Here are some Brussels addresses for sourcing baby equipment and clothes:
- Les Petits Riens, especially their Baby Paradise boutique in Ixelles and the Ixelles Bailli store;
- La recyclerie Sociale, which sells upcycled furniture and decoration items in their shop in Saint Gilles
- La Ritournelle in Schaerbeek, which sells second-hand baby and maternity wear
- Rock ‘n Brol Baby (in French), an where you can create an online birth list of curated second-hand items
- Le monde d’Oscar.be (in French), another way to create an online birth list of curated second-hand items
- Mic Mac Minuscule (in English, French and Dutch), pre-loved, upcycled and sustainable items for a birth list or just as a way to source what you need
- Chez Bingo in Woluwe-Saint-Lambert, which sells (and buys) pre-loved baby clothes and maternity wear
- Other handy sources are: Facebook Marketplace (anything and everything!), Petitkiwi.be (clothes), Vinted (mainly clothes), 2memain / 2dehands.
Rent baby items for just as long as you need them
Renting items is another practical way to source what you need, or try things out before buying. And there are more options out there than you realise!
There are a number of Babytheeks across Brussels and beyond, where members pay an annual fee and can then borrow up to four items at a time – depending on the individual Babytheek, you can rent anything from changing cushions and bottler warmers to baby baths and car seats! Be warned though that Babytheeks limit the number of members at any one time, so there are often waiting lists … so sign up as soon as you can!
For some common baby items such as slings/carriers and washable nappies, it really makes sense to try out different systems to find what works for you before purchasing. (Or maybe you’ll discover that you don’t need to buy at all, if you find a good rental solution.)
The Brussels Childbirth Trust (BCT) has a sling library where members can try out different wraps, carriers and slings before deciding which one to rent. And they currently have 18 different samples! After paying a refundable €50 deposit, rental is €10 for the first two weeks, then €5 per week thereafter. Family membership of the BCT is just €55 per year and gives access to a huge range of advantages, like this! Plus, a few times per year members get the chance to learn more about babywearing in a practical 2-hour session led by enthusiastic and experienced volunteers.
The BCT also has a cloth nappy information service which guides members in choosing and using washable/cloth nappies in Belgium. In addition, members can borrow samples of different nappy systems to try out. For longer-term renting, there’s also the Facebook-based Nappy Library, run on a volunteer basis by working mum-of-2 Esmeralda Raskin. Here, after paying a refundable deposit of €75, you can rent out packages of different types of cloth nappies – the rental kit has enough changes for 2-3 days use, and costs €30 for 2 weeks or €50 for 1 month, and €35 per week thereafter. Esmeralda is also developing a kit especially for the newborn period. Plus, she stresses that family with financial issues shouldn’t be put off by the prices, and that these can be discussed.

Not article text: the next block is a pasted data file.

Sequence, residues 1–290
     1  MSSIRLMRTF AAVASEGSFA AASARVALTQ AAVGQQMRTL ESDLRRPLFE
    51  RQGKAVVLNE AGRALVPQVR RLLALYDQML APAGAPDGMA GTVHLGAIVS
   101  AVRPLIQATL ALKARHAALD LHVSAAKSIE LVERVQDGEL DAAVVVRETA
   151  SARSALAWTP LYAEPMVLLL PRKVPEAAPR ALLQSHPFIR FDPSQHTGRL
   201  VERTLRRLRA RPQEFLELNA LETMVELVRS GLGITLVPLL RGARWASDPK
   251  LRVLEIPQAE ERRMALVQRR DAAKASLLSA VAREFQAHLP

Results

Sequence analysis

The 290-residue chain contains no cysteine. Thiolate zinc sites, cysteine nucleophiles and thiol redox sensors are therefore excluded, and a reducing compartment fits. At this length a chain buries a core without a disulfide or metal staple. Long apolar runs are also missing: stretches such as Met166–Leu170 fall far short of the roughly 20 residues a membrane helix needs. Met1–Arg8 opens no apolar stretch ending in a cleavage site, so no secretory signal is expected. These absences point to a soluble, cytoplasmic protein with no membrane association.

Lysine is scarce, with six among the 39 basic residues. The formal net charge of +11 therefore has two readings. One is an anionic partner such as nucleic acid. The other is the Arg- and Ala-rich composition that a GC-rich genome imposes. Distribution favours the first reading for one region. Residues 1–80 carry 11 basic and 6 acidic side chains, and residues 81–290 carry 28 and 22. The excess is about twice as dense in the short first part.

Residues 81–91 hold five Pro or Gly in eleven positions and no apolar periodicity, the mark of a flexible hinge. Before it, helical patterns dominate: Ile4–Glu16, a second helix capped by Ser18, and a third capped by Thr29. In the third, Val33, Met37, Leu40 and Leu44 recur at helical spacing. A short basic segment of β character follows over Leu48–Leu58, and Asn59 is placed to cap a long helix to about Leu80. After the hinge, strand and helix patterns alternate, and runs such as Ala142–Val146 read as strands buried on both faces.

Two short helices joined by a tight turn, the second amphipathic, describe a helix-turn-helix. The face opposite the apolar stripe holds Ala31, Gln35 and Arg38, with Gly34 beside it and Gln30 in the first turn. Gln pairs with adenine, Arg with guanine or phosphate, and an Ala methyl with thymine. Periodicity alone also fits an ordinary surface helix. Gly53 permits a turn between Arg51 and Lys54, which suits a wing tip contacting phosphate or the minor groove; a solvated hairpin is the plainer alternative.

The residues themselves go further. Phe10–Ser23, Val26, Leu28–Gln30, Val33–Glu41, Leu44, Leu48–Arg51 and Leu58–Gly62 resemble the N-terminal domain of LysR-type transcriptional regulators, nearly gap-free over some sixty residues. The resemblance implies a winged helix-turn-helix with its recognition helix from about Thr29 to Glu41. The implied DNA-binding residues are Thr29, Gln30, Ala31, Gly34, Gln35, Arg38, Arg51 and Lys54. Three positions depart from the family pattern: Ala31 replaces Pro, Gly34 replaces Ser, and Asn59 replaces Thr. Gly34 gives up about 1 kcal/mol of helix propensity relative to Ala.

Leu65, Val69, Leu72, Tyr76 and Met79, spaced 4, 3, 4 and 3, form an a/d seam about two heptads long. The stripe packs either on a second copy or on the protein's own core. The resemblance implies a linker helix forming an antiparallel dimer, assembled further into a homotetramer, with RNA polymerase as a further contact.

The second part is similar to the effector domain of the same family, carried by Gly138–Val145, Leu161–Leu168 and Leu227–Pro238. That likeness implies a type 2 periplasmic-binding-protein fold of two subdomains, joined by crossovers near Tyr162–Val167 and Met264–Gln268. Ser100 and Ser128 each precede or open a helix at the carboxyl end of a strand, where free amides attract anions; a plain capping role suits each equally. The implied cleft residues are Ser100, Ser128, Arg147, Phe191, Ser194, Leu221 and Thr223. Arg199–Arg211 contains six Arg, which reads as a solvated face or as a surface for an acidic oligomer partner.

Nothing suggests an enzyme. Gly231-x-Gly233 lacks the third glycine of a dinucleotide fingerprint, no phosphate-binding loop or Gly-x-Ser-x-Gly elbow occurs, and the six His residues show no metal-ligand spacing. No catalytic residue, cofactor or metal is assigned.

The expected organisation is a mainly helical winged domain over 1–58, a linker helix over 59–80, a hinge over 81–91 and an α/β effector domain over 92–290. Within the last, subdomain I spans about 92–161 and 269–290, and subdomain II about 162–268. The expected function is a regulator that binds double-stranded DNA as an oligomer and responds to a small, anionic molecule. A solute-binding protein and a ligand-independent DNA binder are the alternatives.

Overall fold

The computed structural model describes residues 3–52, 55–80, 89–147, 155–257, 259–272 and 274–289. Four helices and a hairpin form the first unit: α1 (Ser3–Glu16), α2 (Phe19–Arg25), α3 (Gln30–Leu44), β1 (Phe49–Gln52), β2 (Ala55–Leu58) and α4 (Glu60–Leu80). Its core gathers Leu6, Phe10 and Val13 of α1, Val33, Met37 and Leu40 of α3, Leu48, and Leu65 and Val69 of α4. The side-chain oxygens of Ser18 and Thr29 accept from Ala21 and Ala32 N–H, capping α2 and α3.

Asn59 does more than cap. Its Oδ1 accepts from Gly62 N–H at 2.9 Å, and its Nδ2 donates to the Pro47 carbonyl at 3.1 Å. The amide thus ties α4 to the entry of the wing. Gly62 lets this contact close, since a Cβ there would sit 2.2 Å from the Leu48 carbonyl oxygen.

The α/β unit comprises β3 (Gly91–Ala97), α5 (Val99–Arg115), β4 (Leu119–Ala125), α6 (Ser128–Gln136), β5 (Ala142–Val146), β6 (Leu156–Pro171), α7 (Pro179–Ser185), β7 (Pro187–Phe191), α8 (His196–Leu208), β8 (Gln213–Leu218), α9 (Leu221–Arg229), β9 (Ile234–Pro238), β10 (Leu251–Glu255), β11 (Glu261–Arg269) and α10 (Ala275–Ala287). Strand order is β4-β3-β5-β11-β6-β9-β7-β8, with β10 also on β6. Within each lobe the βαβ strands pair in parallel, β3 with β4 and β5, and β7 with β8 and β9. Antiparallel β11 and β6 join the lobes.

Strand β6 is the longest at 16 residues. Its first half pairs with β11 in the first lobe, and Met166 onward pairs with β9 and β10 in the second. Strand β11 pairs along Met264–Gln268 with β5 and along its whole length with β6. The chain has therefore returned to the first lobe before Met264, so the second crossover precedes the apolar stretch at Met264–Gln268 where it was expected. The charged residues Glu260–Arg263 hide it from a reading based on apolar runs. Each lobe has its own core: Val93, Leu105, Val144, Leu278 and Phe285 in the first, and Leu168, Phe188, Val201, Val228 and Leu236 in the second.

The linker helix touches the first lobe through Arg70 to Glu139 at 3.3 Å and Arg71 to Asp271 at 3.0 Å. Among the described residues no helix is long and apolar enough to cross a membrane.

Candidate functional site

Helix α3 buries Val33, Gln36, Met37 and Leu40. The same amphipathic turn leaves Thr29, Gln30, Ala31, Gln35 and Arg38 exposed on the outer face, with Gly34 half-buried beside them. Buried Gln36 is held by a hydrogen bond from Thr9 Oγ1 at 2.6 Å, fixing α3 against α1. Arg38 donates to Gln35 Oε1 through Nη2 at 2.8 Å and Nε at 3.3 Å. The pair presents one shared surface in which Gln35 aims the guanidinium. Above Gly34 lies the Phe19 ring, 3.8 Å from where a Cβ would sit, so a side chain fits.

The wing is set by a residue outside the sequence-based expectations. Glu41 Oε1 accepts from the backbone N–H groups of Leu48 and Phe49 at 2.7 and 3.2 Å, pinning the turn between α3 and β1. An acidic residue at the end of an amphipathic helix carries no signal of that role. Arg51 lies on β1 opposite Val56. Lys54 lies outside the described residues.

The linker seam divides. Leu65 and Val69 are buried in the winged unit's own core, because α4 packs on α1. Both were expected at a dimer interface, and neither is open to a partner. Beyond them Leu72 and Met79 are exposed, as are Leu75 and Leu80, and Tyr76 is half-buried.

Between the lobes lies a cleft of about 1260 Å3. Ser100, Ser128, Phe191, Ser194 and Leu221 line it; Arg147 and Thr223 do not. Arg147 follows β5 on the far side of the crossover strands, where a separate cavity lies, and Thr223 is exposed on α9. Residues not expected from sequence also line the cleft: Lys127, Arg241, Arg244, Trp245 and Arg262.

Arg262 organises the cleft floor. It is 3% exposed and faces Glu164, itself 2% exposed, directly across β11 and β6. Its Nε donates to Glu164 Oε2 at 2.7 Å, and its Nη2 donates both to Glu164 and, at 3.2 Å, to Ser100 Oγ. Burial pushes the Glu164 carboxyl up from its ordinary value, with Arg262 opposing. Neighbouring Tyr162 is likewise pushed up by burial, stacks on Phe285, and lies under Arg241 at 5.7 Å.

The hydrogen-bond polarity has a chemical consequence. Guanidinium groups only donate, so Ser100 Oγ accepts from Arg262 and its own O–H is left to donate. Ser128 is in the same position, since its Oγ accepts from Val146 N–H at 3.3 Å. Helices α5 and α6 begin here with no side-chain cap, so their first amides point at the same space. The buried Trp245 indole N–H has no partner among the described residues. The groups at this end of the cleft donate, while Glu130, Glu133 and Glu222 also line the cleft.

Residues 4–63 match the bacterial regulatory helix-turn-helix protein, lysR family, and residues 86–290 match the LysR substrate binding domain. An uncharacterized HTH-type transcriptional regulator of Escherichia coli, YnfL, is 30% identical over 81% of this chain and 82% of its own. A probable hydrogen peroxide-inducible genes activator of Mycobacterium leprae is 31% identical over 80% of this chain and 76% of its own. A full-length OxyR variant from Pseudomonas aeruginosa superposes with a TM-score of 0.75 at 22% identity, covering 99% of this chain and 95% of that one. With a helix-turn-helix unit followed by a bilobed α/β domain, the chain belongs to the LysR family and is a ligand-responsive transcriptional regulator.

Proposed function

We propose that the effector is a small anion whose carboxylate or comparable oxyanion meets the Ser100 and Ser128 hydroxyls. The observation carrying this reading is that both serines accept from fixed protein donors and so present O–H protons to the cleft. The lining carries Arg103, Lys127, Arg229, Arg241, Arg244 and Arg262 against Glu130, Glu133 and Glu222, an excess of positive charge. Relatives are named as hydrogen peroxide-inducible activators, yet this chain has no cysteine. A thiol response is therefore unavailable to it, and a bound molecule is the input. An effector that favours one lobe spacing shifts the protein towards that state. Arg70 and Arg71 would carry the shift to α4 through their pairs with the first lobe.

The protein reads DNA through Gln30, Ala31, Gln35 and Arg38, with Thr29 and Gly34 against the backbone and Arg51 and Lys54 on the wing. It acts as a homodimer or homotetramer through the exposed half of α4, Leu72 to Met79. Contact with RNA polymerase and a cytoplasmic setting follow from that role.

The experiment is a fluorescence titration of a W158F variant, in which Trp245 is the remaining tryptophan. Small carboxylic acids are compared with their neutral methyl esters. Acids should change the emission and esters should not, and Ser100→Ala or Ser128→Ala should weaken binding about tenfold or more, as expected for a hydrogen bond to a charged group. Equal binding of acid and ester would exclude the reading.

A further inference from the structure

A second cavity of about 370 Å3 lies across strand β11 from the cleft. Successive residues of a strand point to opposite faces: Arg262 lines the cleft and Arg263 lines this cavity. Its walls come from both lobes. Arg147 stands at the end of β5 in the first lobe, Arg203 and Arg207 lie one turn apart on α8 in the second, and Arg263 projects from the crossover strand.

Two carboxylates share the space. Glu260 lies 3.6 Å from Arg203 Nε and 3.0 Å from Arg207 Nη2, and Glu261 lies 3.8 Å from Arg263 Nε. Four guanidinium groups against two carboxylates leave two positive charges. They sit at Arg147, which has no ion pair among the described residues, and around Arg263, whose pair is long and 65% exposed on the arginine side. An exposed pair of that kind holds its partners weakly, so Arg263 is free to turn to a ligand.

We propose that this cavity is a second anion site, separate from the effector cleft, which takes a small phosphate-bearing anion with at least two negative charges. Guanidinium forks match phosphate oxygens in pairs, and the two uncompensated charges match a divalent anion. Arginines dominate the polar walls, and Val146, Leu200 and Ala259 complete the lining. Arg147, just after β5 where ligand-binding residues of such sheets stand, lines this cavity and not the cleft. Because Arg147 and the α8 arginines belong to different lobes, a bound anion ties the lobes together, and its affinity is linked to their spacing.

Lastly, did you know that health insurance funds (‘mutuelles’ / ‘ziekenfondsen’) and pharmacies rent out items like breast pumps, baby weighing scales, ear thermometers, etc. This can be a great way to source items you’ll only need for a few weeks or months. Rest assured that any intimate parts (e.g. for breast pump) are always new and need to be purchased separately for a small price. Check out what’s available from your own mutuelle. Partenamut members can benefit from 3 months free rental of a breast pump, nebuliser and weighing scales for children age 0-3, and you can even find car seats, baby bouncers and stair gates in their offer.
The bottom line
In reality, beyond the basics linked to feeding (e.g. a breastfeeding pillow, or formula, bottles, and a steriliser), nappy changing (disposable or washable nappies and wipes), clothing (soft and comfortable clothing appropriate for the temperature), sleeping (a safe surface in a not-too-warm room), and transport (an appropriate car seat if you have a car, and another means like a baby carrier or pram), there’s not that much your baby actually NEEDS in the early weeks.
To avoid costly purchases you might regret, and improve your chances of having the baby items you need when you need them, draw on the experience of other parents, think carefully about what items make sense for your own lifestyle, and take advantage of the many different ways to source baby items in Brussels.